In this essay, Thomas G. Weiss considers whether the responsibility to protect, or R2P, framework can extend to attacks on cultural heritage. Weiss argues that because violence against heritage is so closely entwined with violence against people, R2P can be brought to bear on these instances of conflict, offering a way to protect both heritage and people. He suggests that existing legal frameworks are adequate to achieve this goal, but in order to do so, the international community faces both political challenges and a normative shift.
Thomas G. Weiss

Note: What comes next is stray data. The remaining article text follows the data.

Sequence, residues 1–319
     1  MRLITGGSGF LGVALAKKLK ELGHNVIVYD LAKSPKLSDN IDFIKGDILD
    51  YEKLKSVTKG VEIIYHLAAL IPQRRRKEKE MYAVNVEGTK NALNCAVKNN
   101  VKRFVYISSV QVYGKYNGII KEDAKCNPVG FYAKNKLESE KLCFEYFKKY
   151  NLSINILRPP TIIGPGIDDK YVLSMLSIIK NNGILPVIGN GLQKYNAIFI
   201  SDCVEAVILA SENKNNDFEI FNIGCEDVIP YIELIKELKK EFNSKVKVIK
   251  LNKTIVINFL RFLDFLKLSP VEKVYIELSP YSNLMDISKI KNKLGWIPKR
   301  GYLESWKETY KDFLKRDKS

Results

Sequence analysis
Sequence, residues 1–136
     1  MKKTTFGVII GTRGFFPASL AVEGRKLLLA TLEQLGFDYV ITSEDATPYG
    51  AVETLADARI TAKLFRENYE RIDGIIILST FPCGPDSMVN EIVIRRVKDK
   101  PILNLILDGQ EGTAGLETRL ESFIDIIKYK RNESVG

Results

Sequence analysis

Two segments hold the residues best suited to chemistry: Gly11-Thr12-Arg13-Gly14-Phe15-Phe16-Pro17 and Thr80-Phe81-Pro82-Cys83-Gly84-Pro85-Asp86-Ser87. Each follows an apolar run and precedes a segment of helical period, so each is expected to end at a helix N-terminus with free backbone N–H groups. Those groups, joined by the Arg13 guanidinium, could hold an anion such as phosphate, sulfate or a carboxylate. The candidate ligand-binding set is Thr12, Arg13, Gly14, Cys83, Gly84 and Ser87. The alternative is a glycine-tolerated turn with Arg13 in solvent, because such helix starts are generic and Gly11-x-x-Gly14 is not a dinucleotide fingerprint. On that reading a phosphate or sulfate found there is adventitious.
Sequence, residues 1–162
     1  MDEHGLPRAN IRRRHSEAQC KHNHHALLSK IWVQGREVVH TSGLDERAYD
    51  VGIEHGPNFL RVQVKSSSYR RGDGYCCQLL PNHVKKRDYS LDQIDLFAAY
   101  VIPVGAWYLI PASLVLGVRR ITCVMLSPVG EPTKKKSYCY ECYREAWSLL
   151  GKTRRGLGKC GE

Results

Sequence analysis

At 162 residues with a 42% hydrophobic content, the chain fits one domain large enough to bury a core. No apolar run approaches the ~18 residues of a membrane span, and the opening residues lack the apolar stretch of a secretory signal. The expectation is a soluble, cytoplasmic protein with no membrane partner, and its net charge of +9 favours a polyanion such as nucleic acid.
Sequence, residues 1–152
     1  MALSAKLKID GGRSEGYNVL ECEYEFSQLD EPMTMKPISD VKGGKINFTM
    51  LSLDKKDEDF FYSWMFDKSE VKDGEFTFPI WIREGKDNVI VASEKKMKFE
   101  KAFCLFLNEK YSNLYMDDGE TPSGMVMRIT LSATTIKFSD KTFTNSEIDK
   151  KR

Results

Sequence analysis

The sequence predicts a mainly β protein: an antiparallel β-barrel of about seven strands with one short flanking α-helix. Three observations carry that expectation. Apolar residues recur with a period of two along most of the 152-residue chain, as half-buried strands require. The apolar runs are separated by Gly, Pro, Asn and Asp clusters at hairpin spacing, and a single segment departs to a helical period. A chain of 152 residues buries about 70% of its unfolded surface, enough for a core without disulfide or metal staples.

Thomas G. Weiss is Presidential Professor of Political Science at the CUNY Graduate Center; Distinguished Fellow, Global Governance, at the Chicago Council on Global Affairs; and Global Eminence Scholar, Kyung Hee University, Korea. Past Andrew Carnegie Fellow and president of the International Studies Association and recipient of its “Distinguished IO Scholar Award,” chair of the Academic Council on the UN System, editor of Global Governance, and Research Director of the International Commission on Intervention and State Sovereignty, he has written extensively about global governance, international peace and security, humanitarian action, and sustainable development. His recent authored books include: The “Third” United Nations: How a Knowledge Ecology Helps the UN Think (with Tatiana Carayannis; Oxford University Press, 2021); Rethinking Global Governance (with Rorden Wilkinson; Polity, 2019); Would the World Be Better without the UN? (Polity, 2018); and Humanitarianism, War, and Politics: Solferino to Syria and Beyond (with Peter J. Hoffman; Rowman & Littlefield, 2018). He currently cochairs the Cultural Heritage at Risk Project of the J. Paul Getty Trust, where he is editor (with James Cuno) of the forthcoming volume, Cultural Heritage and Mass Atrocities (J. Paul Getty Trust, 2022), upon which this essay draws.